Goethe’s Faust: The Devil in Disguise

One of the greatest literary works. Current like never before

The tragic play ‘Faust’ von Johann Wolfgang von Goethe was first published at the beginning of the 19th Century. It takes place around 1500. Europe was slowly shedding the chains of the Middle Ages. Scholarship and science were gaining ground and the Church was no longer the only authority on the meaning of life. The play was written two hundred years ago and takes place at the turn of the 15th Century and yet it seems to me that we are still preoccupied by the same questions, the same uncertainties; we still have the same yearnings.

Seducer and Seduced

Faust is a scholar and a seeker. He strives for more knowledge, needs more time to study. In the end he is willing to sell his soul for a promise of life eternal and omniscience. He falls prey to the Devil’s seduction. He, in his turn is also a seducer with little respect of other people’s feelings, in fact for other people’s lives. The drama is all about love and power and entanglement with evil. It is much about trying to overcome our earthly limitations, without considering the costs.

The Devil is in Our Everyday Life

Are we not all Faust at times? We are also seekers and we are so often willing to take things at their face value. We shut our eyes to all that is inconvenient, to all that might cause us pain, even if others are harmed through our thoughtlessness. We compromise and make deals; not so much with the Devil, more likely with ourselves. This is not surprising because our daily life is often devilish, and we don’t even notice that our routine and habits decide about how we cope. We are playing roles that society imposes on us, and which we blindly accept.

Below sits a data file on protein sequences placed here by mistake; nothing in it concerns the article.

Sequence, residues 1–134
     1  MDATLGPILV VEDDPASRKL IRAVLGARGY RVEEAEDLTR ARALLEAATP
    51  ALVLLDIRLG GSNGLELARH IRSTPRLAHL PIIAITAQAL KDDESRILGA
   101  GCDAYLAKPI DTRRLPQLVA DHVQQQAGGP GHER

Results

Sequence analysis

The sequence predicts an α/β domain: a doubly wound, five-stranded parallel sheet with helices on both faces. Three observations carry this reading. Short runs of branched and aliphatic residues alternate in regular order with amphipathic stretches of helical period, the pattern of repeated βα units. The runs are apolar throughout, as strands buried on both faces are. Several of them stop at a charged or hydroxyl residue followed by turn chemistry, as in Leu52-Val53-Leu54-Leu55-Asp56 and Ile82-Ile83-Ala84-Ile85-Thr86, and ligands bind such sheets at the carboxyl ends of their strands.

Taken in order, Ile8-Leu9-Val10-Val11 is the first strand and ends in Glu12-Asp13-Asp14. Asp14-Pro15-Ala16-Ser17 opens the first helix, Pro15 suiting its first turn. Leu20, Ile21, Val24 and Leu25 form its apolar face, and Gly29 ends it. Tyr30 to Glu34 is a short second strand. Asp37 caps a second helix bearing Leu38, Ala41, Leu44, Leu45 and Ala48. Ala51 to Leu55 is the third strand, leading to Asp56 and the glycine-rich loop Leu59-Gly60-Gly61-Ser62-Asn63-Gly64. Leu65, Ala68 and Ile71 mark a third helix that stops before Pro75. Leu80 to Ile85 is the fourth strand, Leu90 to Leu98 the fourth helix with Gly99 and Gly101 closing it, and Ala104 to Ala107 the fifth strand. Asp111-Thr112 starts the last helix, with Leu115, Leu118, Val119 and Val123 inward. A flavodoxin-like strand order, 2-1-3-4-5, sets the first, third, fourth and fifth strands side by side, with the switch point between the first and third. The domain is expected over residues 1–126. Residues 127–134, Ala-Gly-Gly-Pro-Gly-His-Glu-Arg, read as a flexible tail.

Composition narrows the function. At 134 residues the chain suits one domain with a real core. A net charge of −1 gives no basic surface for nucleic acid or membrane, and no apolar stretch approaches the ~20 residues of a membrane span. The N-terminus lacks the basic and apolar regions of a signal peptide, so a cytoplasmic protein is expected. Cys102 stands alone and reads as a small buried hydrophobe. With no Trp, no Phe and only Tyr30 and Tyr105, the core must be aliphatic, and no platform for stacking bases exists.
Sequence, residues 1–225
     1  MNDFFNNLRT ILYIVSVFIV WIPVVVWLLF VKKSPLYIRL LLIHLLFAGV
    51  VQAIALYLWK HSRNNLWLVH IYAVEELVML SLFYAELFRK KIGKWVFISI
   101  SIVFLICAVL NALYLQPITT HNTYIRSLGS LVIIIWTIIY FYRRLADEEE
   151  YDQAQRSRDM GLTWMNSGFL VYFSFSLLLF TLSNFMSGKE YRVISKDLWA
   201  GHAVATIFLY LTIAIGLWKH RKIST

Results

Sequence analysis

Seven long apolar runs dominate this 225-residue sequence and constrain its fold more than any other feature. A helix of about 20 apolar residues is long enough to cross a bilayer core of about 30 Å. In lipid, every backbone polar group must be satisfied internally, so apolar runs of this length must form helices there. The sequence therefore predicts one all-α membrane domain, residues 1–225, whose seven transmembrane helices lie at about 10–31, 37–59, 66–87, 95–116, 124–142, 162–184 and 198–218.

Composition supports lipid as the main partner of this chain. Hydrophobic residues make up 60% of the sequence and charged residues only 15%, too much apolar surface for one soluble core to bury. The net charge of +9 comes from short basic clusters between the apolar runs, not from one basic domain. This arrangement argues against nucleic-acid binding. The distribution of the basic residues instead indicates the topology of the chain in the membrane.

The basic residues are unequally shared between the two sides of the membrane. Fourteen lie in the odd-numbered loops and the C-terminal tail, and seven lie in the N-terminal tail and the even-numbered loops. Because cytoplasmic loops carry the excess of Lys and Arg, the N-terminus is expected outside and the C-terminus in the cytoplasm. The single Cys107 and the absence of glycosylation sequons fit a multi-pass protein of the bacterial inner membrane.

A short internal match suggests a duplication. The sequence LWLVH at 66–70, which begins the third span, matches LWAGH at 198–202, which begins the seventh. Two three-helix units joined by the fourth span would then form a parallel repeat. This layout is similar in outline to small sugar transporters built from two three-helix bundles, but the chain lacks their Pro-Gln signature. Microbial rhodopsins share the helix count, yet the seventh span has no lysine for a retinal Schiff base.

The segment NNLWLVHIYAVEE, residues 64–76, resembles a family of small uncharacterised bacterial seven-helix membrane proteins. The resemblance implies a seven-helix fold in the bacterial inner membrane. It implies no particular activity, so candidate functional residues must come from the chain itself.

There is Hope for us yet

This is not so different to how Dr. Faust acts out his life. We allow ourselves to be seduced, if only we are promised eternal youth and gratification. The sad thing is, that we often, do not even realize that we are being seduced. We are not aware of who or what is manipulating us. Despite the similarities and thanks to the lessons we can learn from ‘Faust’, there is hope for us yet. Thanks to huge advances in neuroscience, we have more knowledge about how our minds work. We also have the wisdom of ancient and modern philosophers at our fingertips. We can reflect about ourselves, our behaviour, our thoughts and can learn from past mistakes – our own and those made by others throughout history. We can then act more critically and more ethically, and make a pact with ourselves only, to live flourishing lives.

An Event on the Topic in Munich:

Du bist Faust – an Exhibition – Kunsthalle, Munich
Street Philosophy offers an exceptional event – 4th July 2018
All details under: Street Philosophy

Faust – in Art and in Philosophy: a Guided Tour through the Exhibition with the Curator Laura Sanchez Serrano, and the Philosophical Background to Goethe’s Drama, explained by the Philosopher, Dr. Celina von Bezold.

German

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